See also: On the Water: Fjörubordid
Acclaimed chef Siggi Hall, Iceland’s version of Jamie Oliver, sold this restaurant to his protégé Eythor Rúnarsson, who is proving a worthy successor. Putting an innovative and modern spin on Icelandic classics, Rúnarsson has created a menu that includes pickled herring, smoked trout, salted cod and reindeer pâté. The dining room, on the ground floor of the Hotel Ódinsvé, can’t quite decide what it wants to be—serious formal or hipster sleek—but the attentive staff creates a congenial ambiance. Prices are similar to those at other hot spots Seafood Cellar and Fish Market expect to pay on average 3,600 kronúr (about $48) for an entrée. And don’t miss the homemade cookies at the end of the meal; they’re served in a cardboard box perfect for takeaway. Open daily.
For classic, traditionally prepared Icelandic cuisine, Olaf Thorgrimsson of Luxury Adventures recommends this restaurant. Situated in one of Reykjavík’s oldest houses—it was built in 1834—the two-level Laekjarbrekka is furnished like a private home.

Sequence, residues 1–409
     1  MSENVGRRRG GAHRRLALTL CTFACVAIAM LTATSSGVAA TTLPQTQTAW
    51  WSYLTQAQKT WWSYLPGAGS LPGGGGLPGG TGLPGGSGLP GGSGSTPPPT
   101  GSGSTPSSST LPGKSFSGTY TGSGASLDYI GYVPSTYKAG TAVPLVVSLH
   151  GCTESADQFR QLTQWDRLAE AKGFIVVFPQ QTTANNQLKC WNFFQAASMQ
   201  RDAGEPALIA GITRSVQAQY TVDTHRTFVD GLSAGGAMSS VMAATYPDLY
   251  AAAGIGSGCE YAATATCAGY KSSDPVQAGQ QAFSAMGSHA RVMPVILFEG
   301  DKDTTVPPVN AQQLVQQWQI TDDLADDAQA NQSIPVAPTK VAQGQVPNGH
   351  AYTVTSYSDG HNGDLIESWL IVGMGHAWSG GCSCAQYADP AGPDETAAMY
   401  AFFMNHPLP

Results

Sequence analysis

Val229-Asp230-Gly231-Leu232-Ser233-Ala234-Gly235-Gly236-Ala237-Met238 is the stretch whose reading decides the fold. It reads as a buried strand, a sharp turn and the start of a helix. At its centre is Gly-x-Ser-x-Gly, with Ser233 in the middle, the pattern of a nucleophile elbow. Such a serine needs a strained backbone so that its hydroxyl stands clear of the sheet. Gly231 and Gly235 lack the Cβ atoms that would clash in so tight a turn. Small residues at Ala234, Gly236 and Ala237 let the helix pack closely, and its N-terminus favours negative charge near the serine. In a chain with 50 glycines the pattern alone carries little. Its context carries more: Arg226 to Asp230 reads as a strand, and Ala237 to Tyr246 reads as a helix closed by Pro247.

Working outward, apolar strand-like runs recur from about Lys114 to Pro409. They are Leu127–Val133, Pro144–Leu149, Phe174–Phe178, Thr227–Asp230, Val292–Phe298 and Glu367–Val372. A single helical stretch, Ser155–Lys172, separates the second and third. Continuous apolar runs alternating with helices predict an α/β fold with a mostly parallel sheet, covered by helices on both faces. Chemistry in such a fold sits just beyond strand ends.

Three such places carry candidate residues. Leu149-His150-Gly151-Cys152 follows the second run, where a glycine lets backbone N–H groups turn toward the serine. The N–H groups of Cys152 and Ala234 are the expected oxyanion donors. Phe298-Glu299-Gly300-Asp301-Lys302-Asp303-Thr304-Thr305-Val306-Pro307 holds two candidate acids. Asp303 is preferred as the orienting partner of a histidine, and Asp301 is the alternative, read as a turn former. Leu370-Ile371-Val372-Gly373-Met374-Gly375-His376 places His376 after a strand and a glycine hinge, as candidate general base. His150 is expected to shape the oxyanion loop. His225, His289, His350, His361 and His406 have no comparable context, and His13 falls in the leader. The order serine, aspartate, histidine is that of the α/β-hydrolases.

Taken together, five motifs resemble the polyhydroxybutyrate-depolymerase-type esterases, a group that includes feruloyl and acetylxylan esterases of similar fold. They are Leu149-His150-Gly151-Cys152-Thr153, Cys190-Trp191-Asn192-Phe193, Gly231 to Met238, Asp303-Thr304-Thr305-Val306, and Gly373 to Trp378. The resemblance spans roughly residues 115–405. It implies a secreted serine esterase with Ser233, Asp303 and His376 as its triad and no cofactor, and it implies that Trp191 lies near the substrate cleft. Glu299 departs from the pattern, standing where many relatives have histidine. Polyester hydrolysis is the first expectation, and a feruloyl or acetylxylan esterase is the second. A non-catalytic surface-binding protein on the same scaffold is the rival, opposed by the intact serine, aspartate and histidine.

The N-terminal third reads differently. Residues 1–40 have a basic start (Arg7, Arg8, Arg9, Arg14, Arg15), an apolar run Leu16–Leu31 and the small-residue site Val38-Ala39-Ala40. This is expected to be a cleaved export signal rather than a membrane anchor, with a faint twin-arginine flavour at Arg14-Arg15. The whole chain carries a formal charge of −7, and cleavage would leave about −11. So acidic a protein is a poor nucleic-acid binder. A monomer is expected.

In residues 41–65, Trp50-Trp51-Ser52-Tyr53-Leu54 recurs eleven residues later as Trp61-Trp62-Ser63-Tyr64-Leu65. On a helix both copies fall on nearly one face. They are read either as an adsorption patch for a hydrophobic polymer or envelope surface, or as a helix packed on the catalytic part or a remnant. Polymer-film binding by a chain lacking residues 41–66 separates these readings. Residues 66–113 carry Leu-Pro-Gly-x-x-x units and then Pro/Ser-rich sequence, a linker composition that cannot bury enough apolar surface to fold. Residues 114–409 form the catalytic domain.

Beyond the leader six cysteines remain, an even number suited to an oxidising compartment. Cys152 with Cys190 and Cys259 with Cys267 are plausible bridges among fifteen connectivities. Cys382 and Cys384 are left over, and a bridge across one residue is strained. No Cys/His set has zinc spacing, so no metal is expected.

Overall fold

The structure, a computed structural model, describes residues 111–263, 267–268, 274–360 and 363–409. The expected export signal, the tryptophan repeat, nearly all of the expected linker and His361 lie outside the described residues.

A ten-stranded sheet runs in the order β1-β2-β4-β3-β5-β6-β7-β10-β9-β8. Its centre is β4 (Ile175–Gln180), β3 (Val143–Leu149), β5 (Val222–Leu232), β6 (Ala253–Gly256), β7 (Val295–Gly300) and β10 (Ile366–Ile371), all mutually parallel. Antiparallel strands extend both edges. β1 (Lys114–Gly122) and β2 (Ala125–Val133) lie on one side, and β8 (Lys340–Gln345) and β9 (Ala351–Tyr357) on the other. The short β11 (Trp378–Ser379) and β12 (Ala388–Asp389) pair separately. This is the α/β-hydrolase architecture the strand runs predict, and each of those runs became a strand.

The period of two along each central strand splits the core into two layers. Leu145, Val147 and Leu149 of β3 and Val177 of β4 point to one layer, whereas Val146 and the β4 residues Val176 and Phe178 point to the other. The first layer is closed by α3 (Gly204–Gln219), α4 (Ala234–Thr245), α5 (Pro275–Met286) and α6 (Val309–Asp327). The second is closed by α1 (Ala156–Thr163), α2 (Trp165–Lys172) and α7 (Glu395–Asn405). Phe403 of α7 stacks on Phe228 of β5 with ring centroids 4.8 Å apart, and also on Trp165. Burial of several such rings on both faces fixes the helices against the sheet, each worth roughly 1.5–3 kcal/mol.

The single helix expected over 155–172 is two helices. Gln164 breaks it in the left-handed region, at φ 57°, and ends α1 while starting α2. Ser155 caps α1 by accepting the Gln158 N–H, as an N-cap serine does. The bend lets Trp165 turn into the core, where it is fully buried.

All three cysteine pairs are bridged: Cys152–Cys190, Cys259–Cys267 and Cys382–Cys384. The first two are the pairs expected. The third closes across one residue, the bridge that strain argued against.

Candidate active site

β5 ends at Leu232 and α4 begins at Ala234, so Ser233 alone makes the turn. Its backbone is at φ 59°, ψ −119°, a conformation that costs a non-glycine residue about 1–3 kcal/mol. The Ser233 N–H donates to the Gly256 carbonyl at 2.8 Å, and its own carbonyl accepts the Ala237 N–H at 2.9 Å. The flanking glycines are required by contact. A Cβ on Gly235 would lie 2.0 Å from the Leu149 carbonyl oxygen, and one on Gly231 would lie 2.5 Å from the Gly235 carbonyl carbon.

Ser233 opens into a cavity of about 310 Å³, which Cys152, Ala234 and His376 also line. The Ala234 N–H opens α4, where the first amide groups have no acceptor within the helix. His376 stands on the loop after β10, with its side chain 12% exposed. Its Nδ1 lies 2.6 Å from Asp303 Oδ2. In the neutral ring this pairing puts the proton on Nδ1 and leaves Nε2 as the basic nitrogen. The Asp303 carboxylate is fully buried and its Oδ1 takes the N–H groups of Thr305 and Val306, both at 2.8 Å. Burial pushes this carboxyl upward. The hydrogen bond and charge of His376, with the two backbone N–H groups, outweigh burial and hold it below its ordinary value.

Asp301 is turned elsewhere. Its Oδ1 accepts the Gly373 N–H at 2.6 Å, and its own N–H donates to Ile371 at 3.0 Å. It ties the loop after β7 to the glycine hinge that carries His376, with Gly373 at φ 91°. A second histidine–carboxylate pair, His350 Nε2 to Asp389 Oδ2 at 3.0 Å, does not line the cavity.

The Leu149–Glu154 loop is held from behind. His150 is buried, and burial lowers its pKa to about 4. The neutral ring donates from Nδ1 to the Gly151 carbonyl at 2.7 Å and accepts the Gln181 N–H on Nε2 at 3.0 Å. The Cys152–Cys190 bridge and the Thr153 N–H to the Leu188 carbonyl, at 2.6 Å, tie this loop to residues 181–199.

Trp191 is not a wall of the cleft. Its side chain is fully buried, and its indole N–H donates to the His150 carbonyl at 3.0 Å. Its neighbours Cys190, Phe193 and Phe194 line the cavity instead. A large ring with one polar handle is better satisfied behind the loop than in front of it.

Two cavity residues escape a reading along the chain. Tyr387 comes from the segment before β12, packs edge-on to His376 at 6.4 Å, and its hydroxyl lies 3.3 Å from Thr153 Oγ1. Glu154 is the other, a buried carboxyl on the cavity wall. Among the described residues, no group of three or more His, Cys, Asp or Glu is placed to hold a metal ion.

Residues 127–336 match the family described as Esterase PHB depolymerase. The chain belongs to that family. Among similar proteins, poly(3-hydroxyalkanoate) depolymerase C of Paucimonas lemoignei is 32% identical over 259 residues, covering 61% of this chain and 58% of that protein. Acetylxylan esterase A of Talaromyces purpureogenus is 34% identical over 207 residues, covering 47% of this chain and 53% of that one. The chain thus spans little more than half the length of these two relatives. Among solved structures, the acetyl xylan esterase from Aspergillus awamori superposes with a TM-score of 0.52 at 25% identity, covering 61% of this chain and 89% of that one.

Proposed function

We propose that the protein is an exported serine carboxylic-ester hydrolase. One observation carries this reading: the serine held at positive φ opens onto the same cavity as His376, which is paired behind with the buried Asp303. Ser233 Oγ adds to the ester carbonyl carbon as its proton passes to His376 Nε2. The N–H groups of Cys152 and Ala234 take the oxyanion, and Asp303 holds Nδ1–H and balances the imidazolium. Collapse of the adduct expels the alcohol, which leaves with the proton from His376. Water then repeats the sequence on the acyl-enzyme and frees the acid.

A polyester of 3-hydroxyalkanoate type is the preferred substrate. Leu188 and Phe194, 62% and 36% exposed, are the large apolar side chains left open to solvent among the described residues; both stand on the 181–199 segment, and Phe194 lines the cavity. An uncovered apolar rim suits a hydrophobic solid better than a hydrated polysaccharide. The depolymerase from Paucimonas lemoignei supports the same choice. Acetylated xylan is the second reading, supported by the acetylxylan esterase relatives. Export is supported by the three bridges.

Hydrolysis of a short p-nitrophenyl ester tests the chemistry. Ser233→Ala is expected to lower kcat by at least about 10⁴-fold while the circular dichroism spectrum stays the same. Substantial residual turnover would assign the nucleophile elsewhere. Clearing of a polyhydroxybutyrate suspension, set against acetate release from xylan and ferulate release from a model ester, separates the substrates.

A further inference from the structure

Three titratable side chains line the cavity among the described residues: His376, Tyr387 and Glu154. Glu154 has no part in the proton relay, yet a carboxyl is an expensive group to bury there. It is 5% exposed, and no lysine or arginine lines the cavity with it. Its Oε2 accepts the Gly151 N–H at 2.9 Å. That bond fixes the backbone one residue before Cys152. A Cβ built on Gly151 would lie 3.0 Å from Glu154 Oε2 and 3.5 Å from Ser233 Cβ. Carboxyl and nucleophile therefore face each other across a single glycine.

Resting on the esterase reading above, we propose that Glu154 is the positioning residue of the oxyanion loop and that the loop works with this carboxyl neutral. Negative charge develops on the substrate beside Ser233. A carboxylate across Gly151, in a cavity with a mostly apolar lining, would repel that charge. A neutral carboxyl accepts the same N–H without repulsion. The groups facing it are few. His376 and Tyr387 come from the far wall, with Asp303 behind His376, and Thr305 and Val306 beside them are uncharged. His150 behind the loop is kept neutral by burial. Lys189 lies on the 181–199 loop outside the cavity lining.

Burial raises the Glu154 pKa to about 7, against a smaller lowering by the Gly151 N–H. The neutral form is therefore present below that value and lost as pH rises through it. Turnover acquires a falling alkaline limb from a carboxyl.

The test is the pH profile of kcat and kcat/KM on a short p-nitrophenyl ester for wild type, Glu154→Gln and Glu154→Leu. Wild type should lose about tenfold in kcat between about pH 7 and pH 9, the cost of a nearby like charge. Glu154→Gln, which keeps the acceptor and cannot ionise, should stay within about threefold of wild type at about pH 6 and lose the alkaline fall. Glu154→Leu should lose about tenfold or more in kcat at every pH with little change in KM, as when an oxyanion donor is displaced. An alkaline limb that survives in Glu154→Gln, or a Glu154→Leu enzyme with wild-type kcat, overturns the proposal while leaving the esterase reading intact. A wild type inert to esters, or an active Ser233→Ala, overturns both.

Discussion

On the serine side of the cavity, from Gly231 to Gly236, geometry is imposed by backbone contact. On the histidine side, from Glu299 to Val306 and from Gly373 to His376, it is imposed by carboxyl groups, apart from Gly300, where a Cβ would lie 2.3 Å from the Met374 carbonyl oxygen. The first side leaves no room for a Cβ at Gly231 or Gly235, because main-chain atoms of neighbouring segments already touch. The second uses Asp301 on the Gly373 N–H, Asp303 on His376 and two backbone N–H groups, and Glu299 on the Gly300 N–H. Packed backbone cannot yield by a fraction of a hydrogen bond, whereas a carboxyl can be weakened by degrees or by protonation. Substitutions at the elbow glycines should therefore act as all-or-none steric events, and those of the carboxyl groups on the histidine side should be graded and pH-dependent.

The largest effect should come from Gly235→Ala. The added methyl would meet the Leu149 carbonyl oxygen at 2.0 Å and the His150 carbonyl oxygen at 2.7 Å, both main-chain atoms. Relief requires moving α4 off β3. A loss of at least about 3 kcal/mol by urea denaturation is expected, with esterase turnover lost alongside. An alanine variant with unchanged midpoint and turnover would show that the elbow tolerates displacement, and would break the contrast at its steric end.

The restaurant of the Hótel Rangá, located on the southern shore a forty-five-minute drive from Reykjavík, looks rustic but the sophisticated dishes feature Iceland’s best homegrown ingredients, like fish and lamb. The specialty, fish soup, is not to be missed; it’s a flavorful, Asian-influenced hot stew made with monkfish, salmon and shrimp. Equally tasty is an appetizer of smoked trout and seviche. If you’re sightseeing in the south, where you can tour the Skogár Museum and glacial waterfalls, this is a nice spot for lunch. Call ahead for reservations.